The struggle of undocumented single, Latina mothers in the United States (2023)

“Look at my hands,” that’s what Elizabeth, a pseudonym, kept saying throughout our conversation. As she likes to say, she has already lived many lives in just one, and her hands’ scars tell her stories.

As an immigrant from Ecuador, she came to the United States more than 20 years ago looking for better life conditions — and this wasn’t even Elizabeth’s first time reinventing herself.

She left her parents' house in the countryside of Ecuador when she was only 12 years old; pursuing a new life in the big city, she was alone. Elizabethwas a child having to face real challenges such as famine, homelessness and prejudice with no support.

After a few years andwith two children and a husband, she decided to once again seek new opportunities. The whole family went to Mexico and spent a year there, where Elizabeth worked nonstop to get the money to cross the border.

In 2001, the family made it to Ohio, but there was no American dream waiting for Elizabeth there either.

The father of her now four children became her worst nightmare. Not only beating her every single day and abusing her emotionally, physically and psychologically, he would also harm and neglect the children. Hesitant to go to the police as she was afraid to be deported and separated from her children, she stayed with him until she couldn’t anymore.

“I suffered everything a woman could possibly suffer,” she said to Al Día News. “I was afraid, alone and didn't even speak English.”

Philadelphia was the city that 15 years ago she was able to escape to and find resources for help. As a undocumented single mother in a completely new environment, Elizabethhad to go against all the odds to be able to raise her children. In the city of brotherly love, she was contradictorily supported by the Sisters of Saint Joseph — who have helped her with immigration and personal issues.

Since she escaped, neither she or her children have seen or heard from her husband again.

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There is no doubt that facing all the problems on your own is more difficult than with a support system. Although Elizabethdidn’t have any family in the U.S., she found the help she needed at the Sisters of Saint Joseph Welcome Center — which also offers support for many other immigrants in the Philadelphia and New Jersey areas.

Created 20 years ago, the welcome center emerged in the Kensington neighborhood to meet the needs of the growing immigrant community in the area. The Sisters of Saint Joseph are traditionally educators who, with strength and commitment, transformed a former funeral home and doctor’s offices into a homey place people can come for help.

Considering Philadelphia's long history of being a city of immigrants, the welcome center’s mission is to offer opportunities to immigrants and others to improve the quality of their lives through access to education, support services, and programs leading to self-sufficiency. The welcome center is totally funded through the Sisters of Saint Joseph, but they also receive grants and donations.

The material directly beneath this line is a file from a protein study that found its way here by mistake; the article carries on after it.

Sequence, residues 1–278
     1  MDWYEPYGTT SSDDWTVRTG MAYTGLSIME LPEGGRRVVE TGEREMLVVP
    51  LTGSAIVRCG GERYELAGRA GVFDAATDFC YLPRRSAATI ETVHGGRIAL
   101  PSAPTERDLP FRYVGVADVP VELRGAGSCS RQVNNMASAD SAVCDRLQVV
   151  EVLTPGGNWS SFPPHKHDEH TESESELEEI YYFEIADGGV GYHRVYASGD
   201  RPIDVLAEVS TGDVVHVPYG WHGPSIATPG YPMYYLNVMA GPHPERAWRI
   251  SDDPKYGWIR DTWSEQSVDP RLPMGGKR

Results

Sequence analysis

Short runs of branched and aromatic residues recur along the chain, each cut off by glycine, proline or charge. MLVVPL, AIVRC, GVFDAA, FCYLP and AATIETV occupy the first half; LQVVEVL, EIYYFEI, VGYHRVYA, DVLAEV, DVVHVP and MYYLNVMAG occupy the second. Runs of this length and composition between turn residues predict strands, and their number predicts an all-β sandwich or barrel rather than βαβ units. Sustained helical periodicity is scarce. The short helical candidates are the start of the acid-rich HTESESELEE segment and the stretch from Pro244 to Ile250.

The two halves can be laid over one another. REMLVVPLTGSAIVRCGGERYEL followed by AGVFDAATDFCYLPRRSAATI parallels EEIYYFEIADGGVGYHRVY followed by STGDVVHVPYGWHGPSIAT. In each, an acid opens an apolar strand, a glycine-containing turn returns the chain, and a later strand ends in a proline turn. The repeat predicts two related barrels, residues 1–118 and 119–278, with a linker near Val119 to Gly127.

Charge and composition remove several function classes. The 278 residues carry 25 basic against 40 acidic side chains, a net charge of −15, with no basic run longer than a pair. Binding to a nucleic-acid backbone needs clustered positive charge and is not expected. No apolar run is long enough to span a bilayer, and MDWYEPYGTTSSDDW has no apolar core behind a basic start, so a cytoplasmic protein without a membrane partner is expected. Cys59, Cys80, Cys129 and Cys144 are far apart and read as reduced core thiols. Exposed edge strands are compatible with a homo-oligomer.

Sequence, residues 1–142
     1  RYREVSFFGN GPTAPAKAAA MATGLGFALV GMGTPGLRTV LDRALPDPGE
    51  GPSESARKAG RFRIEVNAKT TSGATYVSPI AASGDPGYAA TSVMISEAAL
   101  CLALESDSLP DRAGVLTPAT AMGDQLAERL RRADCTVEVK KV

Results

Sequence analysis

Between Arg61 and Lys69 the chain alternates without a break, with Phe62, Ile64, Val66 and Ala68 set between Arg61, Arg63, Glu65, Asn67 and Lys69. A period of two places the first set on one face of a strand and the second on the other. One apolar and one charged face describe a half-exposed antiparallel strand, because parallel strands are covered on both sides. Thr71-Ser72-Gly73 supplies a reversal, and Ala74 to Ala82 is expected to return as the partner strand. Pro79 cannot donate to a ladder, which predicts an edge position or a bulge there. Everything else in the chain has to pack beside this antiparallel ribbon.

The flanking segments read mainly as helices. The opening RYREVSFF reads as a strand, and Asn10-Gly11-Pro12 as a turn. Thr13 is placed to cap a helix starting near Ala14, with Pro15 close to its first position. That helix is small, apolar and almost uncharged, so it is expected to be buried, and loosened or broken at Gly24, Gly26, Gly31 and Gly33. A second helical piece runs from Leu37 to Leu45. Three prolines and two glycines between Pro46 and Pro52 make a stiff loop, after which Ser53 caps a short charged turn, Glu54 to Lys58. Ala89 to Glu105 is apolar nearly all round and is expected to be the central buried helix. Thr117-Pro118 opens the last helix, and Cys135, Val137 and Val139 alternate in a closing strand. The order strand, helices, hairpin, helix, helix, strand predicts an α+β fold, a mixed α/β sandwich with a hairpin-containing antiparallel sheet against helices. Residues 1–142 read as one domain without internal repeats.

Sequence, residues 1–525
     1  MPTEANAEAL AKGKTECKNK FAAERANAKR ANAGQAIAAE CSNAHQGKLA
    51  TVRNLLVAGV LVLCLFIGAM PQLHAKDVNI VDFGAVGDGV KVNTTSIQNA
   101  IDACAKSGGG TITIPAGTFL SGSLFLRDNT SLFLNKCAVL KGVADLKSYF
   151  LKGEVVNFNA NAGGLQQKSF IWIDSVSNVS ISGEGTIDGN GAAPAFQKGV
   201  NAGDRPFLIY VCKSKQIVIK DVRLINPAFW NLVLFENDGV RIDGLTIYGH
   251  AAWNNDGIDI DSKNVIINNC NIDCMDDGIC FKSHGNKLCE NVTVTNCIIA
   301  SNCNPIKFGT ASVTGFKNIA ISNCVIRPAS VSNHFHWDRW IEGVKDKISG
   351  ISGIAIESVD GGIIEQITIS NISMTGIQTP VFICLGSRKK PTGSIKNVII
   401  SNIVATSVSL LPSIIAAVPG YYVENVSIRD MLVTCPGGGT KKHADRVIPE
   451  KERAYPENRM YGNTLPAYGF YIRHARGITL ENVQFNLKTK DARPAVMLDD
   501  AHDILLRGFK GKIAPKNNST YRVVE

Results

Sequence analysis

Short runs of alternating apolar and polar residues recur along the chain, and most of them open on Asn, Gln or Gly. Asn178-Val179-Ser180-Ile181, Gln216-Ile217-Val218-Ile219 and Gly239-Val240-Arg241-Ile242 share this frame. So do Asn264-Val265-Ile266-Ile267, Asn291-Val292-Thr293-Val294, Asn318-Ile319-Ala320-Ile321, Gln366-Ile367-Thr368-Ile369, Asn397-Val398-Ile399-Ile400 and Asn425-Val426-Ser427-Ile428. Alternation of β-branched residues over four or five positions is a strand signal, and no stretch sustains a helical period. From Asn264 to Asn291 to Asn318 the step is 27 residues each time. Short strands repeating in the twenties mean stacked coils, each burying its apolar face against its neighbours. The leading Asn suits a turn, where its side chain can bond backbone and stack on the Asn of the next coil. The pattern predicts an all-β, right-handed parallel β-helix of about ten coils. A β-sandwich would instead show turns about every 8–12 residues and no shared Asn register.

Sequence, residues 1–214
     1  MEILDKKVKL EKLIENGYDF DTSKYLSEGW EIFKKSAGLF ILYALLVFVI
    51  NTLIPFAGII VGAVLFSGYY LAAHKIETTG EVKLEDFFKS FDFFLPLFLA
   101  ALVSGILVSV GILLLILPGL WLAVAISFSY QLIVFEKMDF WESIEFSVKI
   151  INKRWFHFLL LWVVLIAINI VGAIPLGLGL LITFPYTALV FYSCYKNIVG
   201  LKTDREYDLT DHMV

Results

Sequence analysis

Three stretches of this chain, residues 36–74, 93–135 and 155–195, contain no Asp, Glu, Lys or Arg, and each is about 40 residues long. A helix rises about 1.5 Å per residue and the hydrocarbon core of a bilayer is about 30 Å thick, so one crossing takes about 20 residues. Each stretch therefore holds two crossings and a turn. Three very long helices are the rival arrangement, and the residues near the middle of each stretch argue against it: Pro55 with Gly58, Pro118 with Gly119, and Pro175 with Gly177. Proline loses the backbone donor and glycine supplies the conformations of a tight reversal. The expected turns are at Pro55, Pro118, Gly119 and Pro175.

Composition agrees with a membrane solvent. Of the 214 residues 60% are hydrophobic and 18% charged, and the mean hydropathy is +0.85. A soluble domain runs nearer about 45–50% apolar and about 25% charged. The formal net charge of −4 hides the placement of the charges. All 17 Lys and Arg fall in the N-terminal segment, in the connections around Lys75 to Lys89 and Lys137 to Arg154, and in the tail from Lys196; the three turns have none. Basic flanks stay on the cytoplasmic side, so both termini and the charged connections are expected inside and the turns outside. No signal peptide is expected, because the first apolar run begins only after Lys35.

In the area of education, they offer English classes and citizenship preparation — and many of the classes are taught by volunteers. Yoga, crochet and art workshops are also offered so women can come together. It is a place for hospitality and community, said a staff member.

Working as a resource center and committed to supporting the community, whenever they are capable of helping their regulars, they do so — with food, rent, utilities and more. There is also someone in the staff who is certified through the Department of Justice that helps with immigration issues. Even if they can't help someone at the welcome center, the staff always makes sure to offer resources to other organizations in the city.

For their work with women, they have partnered with other organizations in the city to promote conversations about abuse, as many women don’t even realize they are in abusive relationships. Because it is a difficult topic that people don’t often talk about, having those information sessions help to bring awareness.

Playing a special role in Elizabeth and her family’s lives, the sisters of Saint Joseph helped her go through some hard times when her youngest daughter Sylvia, a pseudonym — who struggles with severe depression and suicide attempts — had to be hospitalized in a mental institution.

Besides all the past trauma and having to work two jobs to provide for her family, one of Elizabeth’s main concerns is that she has no documentation in the U.S. She is constantly afraid the police are going to knock at her door and deport her. Elizabethworries about how her children are going to react with separation — especially her daughter Sylvia. Not only Elizabeth, but her two older children who were born in Ecuador have no documents, but have been living in the U.S. for basically their entire lives.

Elizabeth isn’t an isolated case of an Ecuadorian trying to find better conditions in the U.S. According to Pew Research Center, Ecuadorians were the 10th-largest population of Hispanic origin living in the U.S., in 2017; accounting for 1% of the U.S. Hispanic population. Since 2000, the Ecuadorian-origin population has increased 174% in the country.

Since she left Ecuador, Elizabethhasn’t seen her parents again. In the meantime, her father died but her mom still lives in the house Elizabeth left when she was only 12. Her dream is to be able to hug her mother once again, but for this to happen she needs to become legal in the U.S. first.


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Al Día News talked with Seth Lupton, an immigration attorney at Lupton Law LLC, who explained what are some of the legal alternatives available for Elizabethand all other undocumented single mothers and their children.